This post was borne out of a conversation I recently had with one of my clients. A couple of weeks ago she was diagnosed with a meniscal tear in her left knee. When she came to class, I asked her how it was going with her therapist. She proceeded to tell me that her therapist told her that her injury would never heal and that she would simply have to modify her lifestyle and manage the condition for the rest of her life.
When my client began worrying about things she wouldn't be able to do, her therapist asked her what specifically was she concerned about? My client told her that she still wanted to be able to get down on the floor with her kids and eventual grandkids to play with them. Her therapist's response was simply, "Well, there's plenty of people who can't sit down on the floor", as if this was enough reason to accept the inability to do so. Frankly, I was appalled by this response from a health practitioner.
I suggested to my client that she seek a second opinion.
Any time I need to seek out the advice and expertise of a health practitioner, my initial search involves asking others I trust for recommendations. Additionally, I do my own research online checking their credentials, experience, and reviews if there are any.
When I schedule and go to my first appointment, I expect them to give me a complete assessment for whatever I am seeing them for. What they may not realize is that I am quietly assessing them as well. Specifically, I am observing with my eyes and ears their "bedside manner" and the language they use regarding my "issue" and the approach they are suggesting for treatment. If I hear any absolute negatives (i.e. "You'll always have this problem", "People don't recover from this", "This will never fully heal"), I am already looking for another practitioner. Because the reality is that our body and its cellular structure are ever changing, renewing, and evolving.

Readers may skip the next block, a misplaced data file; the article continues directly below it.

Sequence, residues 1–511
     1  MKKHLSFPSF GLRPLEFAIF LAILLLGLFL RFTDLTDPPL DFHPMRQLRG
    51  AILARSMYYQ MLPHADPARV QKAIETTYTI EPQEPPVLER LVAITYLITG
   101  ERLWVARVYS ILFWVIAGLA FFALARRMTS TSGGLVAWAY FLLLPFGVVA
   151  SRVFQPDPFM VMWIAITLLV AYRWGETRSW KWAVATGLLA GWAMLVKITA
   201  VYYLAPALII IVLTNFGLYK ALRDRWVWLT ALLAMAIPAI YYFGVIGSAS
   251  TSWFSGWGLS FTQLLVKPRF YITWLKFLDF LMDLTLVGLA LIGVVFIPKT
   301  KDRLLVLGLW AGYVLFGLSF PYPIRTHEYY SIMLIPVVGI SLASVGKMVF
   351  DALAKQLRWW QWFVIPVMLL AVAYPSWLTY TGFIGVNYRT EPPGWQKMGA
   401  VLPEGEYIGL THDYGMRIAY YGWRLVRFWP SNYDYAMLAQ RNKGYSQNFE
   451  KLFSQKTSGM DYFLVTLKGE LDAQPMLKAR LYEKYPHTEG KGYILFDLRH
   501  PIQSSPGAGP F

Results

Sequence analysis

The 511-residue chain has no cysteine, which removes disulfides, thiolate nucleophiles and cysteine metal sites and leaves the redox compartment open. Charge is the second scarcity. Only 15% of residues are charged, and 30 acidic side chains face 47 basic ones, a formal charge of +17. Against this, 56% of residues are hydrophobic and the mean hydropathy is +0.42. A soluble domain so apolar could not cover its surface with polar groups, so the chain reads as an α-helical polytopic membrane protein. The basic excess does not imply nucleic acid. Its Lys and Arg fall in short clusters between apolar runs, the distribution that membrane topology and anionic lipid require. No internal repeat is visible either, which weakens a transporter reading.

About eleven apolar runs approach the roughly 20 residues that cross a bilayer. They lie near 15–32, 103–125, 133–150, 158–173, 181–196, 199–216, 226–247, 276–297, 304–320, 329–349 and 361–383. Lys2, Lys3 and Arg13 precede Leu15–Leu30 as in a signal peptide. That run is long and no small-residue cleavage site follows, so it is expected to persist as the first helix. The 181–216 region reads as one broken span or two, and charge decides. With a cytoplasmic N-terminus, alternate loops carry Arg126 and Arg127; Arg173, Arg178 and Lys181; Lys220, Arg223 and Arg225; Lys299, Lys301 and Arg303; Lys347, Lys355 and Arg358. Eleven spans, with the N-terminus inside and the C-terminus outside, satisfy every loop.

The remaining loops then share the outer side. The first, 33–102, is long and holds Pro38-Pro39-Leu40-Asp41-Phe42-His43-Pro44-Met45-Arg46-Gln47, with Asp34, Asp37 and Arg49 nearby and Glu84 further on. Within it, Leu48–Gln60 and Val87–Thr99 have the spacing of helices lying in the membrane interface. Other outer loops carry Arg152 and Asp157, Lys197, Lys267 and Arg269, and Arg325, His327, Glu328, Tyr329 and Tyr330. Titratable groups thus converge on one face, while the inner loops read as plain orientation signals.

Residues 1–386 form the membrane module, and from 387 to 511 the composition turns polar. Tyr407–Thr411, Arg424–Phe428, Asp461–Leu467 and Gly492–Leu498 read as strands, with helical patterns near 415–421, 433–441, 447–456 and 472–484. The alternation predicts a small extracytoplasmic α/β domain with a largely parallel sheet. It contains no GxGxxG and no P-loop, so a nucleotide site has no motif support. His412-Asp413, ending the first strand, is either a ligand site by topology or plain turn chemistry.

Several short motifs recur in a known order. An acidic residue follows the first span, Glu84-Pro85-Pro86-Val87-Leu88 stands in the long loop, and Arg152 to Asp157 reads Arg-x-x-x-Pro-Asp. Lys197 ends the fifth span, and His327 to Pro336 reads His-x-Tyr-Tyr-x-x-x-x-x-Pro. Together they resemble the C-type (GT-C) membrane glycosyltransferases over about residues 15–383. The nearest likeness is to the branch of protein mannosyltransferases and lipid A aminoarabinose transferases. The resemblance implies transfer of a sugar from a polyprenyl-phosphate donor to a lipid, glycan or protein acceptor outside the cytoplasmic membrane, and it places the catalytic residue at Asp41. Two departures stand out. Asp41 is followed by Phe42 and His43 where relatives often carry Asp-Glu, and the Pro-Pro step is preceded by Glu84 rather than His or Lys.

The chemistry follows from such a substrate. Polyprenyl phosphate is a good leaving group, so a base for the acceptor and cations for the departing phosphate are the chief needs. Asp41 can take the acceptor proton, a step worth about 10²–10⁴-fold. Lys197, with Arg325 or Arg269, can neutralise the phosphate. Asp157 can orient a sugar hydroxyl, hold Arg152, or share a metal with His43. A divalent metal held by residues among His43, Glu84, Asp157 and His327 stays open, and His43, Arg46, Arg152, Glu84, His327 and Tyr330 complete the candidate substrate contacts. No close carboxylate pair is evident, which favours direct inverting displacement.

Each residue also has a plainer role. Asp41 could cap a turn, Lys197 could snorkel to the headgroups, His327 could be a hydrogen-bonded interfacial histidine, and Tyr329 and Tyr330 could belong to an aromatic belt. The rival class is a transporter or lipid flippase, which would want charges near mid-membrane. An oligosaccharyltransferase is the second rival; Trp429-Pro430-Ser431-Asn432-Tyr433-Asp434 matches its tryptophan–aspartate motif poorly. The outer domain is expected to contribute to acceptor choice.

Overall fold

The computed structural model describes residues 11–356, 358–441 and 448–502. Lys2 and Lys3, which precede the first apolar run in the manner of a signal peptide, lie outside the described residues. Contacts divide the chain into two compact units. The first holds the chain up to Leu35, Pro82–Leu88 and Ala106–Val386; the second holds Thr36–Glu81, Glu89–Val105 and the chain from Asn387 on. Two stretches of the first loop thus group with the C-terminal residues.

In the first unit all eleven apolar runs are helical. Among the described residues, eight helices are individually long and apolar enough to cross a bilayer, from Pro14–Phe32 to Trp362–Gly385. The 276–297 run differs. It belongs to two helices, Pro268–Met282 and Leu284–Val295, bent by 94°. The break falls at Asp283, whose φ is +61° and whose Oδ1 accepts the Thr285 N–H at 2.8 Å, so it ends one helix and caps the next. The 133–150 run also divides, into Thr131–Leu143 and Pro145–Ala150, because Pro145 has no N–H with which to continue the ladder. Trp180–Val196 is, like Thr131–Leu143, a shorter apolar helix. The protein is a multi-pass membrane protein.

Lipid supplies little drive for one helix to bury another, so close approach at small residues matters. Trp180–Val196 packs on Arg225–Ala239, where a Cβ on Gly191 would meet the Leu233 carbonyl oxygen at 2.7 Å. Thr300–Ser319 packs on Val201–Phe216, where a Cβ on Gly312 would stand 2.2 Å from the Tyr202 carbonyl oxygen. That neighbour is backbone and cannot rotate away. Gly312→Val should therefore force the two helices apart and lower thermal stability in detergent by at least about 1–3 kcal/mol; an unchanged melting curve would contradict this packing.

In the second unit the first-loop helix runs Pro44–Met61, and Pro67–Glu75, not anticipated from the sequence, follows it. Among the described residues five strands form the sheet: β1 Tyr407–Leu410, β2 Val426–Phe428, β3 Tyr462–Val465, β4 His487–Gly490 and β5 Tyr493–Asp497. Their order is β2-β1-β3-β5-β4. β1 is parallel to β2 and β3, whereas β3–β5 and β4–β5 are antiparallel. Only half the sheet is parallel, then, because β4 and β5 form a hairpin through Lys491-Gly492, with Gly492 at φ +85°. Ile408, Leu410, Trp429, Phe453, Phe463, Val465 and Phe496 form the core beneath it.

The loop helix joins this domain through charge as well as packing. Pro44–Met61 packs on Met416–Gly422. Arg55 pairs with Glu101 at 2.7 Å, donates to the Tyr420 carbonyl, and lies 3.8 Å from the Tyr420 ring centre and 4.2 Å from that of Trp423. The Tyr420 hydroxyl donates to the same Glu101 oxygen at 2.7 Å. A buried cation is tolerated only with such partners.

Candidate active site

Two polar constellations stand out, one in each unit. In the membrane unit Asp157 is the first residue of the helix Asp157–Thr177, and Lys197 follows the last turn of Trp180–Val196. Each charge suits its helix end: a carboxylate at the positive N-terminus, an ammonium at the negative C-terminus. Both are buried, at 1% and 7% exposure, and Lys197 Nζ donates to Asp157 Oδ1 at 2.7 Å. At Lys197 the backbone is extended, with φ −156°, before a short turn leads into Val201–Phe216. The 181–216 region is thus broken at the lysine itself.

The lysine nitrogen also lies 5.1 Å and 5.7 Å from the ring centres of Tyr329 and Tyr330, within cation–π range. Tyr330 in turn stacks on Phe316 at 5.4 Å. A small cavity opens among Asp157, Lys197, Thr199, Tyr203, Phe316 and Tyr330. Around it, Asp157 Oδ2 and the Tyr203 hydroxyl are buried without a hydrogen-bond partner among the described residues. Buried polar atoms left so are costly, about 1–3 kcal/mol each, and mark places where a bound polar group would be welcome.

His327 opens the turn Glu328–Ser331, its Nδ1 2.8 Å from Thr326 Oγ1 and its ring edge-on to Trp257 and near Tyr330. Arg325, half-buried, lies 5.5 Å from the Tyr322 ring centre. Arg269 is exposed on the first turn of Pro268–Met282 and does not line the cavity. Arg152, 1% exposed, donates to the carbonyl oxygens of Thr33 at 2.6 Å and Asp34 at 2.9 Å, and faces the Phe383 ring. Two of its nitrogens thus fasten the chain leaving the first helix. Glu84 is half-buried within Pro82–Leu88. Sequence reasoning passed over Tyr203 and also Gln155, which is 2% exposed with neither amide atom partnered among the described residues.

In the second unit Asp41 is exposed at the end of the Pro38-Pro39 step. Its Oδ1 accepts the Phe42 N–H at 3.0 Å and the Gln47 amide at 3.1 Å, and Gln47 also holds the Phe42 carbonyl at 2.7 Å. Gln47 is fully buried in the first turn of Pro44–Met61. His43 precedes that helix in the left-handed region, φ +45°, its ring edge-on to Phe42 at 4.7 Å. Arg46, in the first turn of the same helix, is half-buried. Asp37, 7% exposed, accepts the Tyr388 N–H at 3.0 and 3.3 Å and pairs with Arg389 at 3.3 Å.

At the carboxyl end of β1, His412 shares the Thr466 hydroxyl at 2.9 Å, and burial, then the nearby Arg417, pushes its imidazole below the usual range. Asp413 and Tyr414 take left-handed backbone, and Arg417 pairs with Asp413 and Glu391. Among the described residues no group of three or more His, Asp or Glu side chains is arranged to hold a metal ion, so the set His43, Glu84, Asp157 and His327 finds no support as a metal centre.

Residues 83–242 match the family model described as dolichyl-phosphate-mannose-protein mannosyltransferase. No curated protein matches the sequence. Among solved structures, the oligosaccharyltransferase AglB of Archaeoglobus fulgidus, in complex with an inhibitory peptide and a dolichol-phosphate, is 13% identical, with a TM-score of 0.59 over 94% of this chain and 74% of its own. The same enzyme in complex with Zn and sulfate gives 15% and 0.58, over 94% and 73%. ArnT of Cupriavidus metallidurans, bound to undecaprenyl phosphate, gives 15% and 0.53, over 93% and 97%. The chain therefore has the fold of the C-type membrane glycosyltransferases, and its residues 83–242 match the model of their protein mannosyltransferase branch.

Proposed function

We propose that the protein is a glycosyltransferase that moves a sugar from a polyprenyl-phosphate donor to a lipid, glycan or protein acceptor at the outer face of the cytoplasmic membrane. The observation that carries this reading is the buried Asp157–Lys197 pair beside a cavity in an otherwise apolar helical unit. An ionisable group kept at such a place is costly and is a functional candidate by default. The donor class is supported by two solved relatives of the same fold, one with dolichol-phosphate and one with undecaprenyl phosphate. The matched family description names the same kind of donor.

I believe that there is always the opportunity to heal and recover when it comes to our bodies and injuries. I refuse to see any practitioner who simply "settles" on limiting thoughts around healing, because I know that they carry that limited mindset into their healing practice. And I refuse to limit my ability to heal and "tiptoe" around my body's perceived limitations.
Of course, when we are injured, we are limited for a period of time; days, weeks, months, or longer. Of course we need to listen to and heed our bodies' signals as to what it is capable of and what feels good to do at any given moment. This too, is ever-changing and evolving. My point is simply that when we are choosing any health practitioner, avoid going in thinking that "they're the expert" and immediately hand over the reins. Assess them too and listen to the language they use in their approach to healing. If it's not leaning toward the positive, hopeful, empowering and solution-oriented, I would strongly consider looking elsewhere for treatment.
I am a wellness educator and trainer who is passionate about helping others to look, feel, and be their best in body, mind, and heart. Thanks for visiting my blog!